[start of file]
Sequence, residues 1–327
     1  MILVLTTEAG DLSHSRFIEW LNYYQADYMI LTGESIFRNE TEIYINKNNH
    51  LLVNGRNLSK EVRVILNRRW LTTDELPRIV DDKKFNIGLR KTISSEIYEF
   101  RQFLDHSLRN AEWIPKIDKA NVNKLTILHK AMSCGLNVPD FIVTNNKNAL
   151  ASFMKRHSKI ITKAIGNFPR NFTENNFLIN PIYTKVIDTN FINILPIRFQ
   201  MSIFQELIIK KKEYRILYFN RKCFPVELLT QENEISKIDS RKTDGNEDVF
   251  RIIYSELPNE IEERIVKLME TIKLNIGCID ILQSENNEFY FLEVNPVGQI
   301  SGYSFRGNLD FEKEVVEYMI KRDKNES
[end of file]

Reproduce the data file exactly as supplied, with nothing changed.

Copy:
Sequence, residues 1–327
     1  MILVLTTEAG DLSHSRFIEW LNYYQADYMI LTGESIFRNE TEIYINKNNH
    51  LLVNGRNLSK EVRVILNRRW LTTDELPRIV DDKKFNIGLR KTISSEIYEF
   101  RQFLDHSLRN AEWIPKIDKA NVNKLTILHK AMSCGLNVPD FIVTNNKNAL
   151  ASFMKRHSKI ITKAIGNFPR NFTENNFLIN PIYTKVIDTN FINILPIRFQ
   201  MSIFQELIIK KKEYRILYFN RKCFPVELLT QENEISKIDS RKTDGNEDVF
   251  RIIYSELPNE IEERIVKLME TIKLNIGCID ILQSENNEFY FLEVNPVGQI
   301  SGYSFRGNLD FEKEVVEYMI KRDKNES